Insights from the UK and beyond
Marks & Spencer is finally getting to grips with the recession, first-quarter results from the bellwether retailer show. But it needs to sort out a row over management if its shares are to enjoy the full benefit.
Many investors are still up in arms over M&S’s decision last year to elevate the charismatic Stuart Rose to executive chairman — combining the roles of chairman and chief executive against corporate governance guidelines.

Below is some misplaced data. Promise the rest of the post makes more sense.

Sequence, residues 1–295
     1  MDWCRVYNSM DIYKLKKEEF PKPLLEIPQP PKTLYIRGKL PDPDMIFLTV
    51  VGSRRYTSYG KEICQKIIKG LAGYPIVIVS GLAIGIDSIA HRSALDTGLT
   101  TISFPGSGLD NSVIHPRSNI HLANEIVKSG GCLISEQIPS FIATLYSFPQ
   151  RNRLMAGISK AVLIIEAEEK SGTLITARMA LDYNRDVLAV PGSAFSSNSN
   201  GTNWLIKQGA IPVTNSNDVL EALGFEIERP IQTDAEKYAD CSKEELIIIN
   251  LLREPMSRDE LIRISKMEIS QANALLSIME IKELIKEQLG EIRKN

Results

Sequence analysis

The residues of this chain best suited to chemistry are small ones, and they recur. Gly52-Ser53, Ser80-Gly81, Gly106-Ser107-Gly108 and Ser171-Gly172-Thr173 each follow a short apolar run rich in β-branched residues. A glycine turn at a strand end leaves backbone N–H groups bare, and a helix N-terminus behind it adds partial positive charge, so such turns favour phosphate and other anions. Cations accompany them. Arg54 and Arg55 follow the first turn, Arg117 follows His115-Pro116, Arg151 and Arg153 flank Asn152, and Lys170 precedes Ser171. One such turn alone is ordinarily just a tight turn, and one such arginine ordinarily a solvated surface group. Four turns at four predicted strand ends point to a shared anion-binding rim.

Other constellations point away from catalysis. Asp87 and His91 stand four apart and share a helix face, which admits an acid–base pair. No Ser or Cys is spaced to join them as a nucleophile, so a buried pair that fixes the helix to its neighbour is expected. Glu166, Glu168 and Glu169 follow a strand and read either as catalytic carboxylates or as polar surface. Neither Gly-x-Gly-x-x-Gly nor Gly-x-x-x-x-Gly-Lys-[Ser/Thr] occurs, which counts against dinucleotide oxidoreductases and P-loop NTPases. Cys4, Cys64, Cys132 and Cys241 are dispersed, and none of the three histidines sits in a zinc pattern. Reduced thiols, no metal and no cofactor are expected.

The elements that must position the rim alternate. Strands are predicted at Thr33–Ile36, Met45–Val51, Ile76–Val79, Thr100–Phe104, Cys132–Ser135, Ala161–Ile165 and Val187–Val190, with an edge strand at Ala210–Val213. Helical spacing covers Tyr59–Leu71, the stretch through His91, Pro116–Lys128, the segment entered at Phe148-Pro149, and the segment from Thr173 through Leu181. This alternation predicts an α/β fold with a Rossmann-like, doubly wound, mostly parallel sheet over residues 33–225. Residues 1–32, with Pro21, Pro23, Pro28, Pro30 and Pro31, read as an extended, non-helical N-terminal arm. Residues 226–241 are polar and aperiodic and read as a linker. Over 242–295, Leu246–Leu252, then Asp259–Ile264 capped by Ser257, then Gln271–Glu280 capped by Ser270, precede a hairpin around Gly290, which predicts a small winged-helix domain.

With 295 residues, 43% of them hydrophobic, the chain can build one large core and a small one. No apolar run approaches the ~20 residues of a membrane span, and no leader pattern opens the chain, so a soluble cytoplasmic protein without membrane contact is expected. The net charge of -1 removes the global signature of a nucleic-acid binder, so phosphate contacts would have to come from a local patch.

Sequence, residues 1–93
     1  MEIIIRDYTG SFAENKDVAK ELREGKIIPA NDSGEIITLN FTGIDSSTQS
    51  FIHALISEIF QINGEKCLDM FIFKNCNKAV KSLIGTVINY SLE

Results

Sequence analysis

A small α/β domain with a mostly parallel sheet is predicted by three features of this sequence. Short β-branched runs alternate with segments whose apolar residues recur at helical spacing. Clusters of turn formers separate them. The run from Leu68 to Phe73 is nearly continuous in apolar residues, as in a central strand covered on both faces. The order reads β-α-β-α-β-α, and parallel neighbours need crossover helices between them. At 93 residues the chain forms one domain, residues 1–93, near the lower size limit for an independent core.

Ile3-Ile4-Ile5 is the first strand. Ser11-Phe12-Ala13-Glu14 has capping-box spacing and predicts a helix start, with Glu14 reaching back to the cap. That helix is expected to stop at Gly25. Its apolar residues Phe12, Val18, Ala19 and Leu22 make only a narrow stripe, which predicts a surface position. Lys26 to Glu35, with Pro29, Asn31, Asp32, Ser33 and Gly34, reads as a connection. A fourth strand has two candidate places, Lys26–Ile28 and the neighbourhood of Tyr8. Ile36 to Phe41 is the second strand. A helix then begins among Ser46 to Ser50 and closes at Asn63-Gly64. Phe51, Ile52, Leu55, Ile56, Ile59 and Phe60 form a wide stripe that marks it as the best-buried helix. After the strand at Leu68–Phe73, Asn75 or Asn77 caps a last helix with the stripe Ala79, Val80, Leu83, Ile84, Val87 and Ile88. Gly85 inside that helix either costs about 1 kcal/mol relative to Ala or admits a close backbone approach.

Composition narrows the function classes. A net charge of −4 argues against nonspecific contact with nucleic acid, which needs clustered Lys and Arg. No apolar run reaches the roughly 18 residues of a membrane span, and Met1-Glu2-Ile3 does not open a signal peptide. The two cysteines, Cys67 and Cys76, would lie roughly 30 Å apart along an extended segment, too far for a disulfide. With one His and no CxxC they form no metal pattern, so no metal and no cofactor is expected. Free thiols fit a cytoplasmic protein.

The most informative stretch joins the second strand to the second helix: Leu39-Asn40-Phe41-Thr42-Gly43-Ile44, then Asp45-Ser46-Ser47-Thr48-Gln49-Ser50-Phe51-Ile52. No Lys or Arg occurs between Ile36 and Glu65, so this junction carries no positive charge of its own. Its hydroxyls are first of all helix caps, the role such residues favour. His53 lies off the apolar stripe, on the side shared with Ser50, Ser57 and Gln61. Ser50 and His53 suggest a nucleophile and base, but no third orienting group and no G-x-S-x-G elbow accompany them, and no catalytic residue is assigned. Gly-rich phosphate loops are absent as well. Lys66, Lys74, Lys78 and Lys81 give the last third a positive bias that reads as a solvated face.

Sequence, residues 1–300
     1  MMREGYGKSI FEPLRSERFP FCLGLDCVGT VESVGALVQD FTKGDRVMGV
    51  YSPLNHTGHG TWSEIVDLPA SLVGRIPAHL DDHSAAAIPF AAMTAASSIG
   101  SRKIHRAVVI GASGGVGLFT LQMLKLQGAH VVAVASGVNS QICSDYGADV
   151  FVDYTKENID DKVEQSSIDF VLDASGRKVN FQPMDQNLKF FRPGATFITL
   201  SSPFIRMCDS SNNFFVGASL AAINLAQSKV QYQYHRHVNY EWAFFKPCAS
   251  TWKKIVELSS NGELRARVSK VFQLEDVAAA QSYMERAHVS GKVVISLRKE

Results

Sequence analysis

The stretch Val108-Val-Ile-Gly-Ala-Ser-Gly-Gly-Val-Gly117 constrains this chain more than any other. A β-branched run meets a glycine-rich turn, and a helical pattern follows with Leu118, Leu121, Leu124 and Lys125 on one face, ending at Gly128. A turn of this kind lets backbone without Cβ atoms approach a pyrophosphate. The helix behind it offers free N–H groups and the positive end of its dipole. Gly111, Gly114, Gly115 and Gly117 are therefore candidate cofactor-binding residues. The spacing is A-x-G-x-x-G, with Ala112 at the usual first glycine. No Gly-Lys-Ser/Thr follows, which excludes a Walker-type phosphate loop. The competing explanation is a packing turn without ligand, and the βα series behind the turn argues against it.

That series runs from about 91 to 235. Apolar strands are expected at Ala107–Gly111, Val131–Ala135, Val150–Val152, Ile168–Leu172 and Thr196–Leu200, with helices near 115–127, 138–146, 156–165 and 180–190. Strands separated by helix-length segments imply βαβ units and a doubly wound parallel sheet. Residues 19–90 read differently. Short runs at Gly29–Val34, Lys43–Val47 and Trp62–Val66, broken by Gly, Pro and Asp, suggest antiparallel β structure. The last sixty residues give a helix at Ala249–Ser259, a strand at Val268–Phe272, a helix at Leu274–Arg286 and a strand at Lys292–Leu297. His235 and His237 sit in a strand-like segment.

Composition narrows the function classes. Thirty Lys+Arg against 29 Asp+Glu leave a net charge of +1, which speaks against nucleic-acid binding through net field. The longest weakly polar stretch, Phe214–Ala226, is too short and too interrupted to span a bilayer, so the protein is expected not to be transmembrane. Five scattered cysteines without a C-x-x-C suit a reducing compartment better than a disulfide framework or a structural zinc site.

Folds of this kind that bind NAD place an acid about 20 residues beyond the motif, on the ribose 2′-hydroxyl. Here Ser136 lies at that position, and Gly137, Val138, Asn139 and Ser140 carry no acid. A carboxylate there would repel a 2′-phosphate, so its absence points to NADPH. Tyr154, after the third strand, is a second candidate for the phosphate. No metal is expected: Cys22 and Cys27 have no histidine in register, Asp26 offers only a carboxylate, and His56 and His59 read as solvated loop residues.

Rose survived a rebellion last year and must be hoping that forecast-beating first-quarter sales will draw the sting from opponents ahead of next Wednesday’s annual shareholder meeting.
But anger seems unlikely to die down. Three shareholder advisory groups — Glass Lewis, Pirc and RiskMetrics — have urged investors to back a rebel resolution which calls on M&S to appoint an independent chairman by July 2010.